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Question1:

Does it make sense to specifiy the size of the ArrayList. I know how many elements is going to carry in my List, is it good to specify the size before hand or it does not even matter.

List<String> list = new ArrayList<String>(1);
list.add("Hello");

List<String> newList = new ArrayList<String>();
newList.add("Hello");

Question2:

The java.util.ConcurrentModificationException occurs when you manipulate (add,remove) a collection while iterating over the same collection. Does that mean there is a thread which is modifying the ArrayList and another Thread iterating the same object.

Question3

Can anyone tell me how i can lock a list?

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4 Answers 4

up vote 8 down vote accepted
  1. It matters if you're adding a lot of items, as it means the collection won't need to keep copying its internal buffer as it goes along. With a small list it won't make much difference. Note that you're not specifying the size of the ArrayList - you're specifying its initial capacity:

    List<String> list = new ArrayList<String>(10000);
    System.out.println(list.size()); // 0
    

    You still need to add items to it to change the size - but you can add items up to its capacity before it needs to perform copying internally.

  2. No, there doesn't have to be an extra thread involved. It just means that you've modified the collection while you're iterating over it. That can very easily be in a single thread:

    for (String item : items) {
        items.add("Foo"); // The next iteration step will fail.
    }
    
  3. You'll need to give more context. Usually it makes more sense to obtain a lock while you perform some operations on a list.

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@halex: Fixed, thanks. –  Jon Skeet Nov 10 '12 at 18:10
  1. If the list will be big then yes it's worth to declare the initial size. Why? Because when you create an ArrayList it's initial size is often ~10. When you add new items and the initial size is not enough the ArrayList more memory is allocated and all elements are relocated what takes time.

  2. No it's not neccessary the another thread. This exception may occur when you iterate over a list and in the loop body you add or remove it's elements. You have then to use iterators.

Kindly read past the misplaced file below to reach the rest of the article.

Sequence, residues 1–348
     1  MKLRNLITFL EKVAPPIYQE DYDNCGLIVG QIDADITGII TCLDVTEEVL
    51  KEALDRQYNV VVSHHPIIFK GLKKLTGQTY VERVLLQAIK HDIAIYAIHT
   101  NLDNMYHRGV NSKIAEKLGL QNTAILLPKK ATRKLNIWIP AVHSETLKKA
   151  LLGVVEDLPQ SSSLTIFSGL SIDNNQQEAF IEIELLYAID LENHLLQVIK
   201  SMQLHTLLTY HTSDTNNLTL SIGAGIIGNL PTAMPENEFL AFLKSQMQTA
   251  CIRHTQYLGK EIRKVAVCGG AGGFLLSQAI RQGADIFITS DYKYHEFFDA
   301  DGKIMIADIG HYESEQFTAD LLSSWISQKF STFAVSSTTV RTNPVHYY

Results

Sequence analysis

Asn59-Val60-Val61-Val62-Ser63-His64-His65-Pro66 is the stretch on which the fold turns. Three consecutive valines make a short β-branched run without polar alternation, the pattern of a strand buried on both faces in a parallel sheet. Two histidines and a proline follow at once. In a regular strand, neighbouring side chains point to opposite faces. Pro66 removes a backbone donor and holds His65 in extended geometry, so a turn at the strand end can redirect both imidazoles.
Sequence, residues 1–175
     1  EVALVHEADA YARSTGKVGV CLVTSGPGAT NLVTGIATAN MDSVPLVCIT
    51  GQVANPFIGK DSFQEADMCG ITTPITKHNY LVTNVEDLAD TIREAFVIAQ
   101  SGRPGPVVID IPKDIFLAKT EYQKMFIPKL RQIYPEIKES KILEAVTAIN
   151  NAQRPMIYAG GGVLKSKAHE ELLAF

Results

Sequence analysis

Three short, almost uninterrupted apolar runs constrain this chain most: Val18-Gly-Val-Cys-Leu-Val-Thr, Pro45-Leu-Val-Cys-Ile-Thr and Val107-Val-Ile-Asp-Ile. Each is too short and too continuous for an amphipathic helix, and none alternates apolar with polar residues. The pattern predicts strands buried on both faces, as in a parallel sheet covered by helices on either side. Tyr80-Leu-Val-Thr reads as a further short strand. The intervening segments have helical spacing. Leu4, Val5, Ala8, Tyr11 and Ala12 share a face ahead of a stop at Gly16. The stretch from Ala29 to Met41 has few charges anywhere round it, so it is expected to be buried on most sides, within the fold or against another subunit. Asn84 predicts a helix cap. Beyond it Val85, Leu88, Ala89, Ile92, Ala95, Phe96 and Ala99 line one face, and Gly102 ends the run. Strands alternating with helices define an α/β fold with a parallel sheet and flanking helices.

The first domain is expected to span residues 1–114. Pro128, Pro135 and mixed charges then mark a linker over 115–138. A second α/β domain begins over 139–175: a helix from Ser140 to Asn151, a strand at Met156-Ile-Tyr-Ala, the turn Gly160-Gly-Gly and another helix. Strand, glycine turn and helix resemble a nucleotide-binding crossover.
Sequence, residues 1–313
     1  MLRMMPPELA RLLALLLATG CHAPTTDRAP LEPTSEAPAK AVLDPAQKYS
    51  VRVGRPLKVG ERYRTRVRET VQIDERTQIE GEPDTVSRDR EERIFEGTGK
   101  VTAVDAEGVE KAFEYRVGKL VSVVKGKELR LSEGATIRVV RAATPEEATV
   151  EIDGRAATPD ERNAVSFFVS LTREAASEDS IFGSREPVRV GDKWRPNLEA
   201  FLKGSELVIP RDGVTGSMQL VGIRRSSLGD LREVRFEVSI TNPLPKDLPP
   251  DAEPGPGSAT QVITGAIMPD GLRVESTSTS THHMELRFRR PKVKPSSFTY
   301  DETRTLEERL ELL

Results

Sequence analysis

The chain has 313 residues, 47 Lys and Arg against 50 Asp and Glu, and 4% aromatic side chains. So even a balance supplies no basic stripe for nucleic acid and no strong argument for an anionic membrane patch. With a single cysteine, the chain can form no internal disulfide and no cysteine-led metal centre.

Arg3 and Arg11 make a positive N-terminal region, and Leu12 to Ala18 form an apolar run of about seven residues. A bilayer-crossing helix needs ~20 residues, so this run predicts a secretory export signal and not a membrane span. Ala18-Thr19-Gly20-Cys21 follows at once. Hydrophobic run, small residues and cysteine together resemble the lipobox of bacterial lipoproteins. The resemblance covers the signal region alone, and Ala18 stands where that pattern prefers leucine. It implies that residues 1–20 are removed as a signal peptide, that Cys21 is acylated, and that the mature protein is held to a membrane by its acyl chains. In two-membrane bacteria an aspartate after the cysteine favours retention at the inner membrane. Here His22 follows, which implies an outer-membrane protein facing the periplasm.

3. What do you mean by locking a list? You want to make it thread-safe or to disable adding/removing its elements? In the second case you would like to use unmodifiableCollection method in java.util.Collections.

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2  
In point 1, you're not specifying an initial size - you're specifying an initial capacity. size() will still return 0 after construction, even if the capacity is enormous. –  Jon Skeet Nov 10 '12 at 18:11
    
Sorry, I'm not native English speaker and I didn't know that I should use 'capacity' word. Thanks for notice! –  Adam Sznajder Nov 10 '12 at 18:14

Q1: This is what the ArrayList might look like

public ArrayList{
    private int[] elementData;
    private int size;
}

when you construct an ArrayList, the size of the array is automatically initialized. When you run out of space, the size is automatically adjusted to 1.5 times the original size.

Q2: You are exactly right. "For example, it is not generally permissible for one thread to modify a Collection while another thread is iterating over it. In general, the results of the iteration are undefined under these circumstances. Some Iterator implementations (including those of all the general purpose collection implementations provided by the JRE) may choose to throw this exception if this behavior is detected. Iterators that do this are known as fail-fast iterators, as they fail quickly and cleanly, rather that risking arbitrary, non-deterministic behavior at an undetermined time in the future." -java doc http://docs.oracle.com/javase/1.5.0/docs/api/java/util/ConcurrentModificationException.html

Q3: To lock a list you use

Collections.unmodifiableList(list);

This works with all Collections, and it prohibits the user from altering the data. In other words it gives the user a "read-only" copy. You can read more about the collections class here. http://docs.oracle.com/javase/1.4.2/docs/api/java/util/Collections.html

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Regarding Question num 3: There are two ways to lock a list

1) Implicit monitor lock : If you create a synchronized list using factory method of collections then you can use the wrapper object to create lock.

    List<T> list = new ArrayList<T>();
    List<T> slist = Collections.synchronizedList(list);
    synchoronized(slist) {
    //code
    } 

in this case slist will be used for locking during iteration and any compound action.

2) You can use Object class as lock

    Object lock = new Object();
    synchronized (lock) {
       // ...
     }
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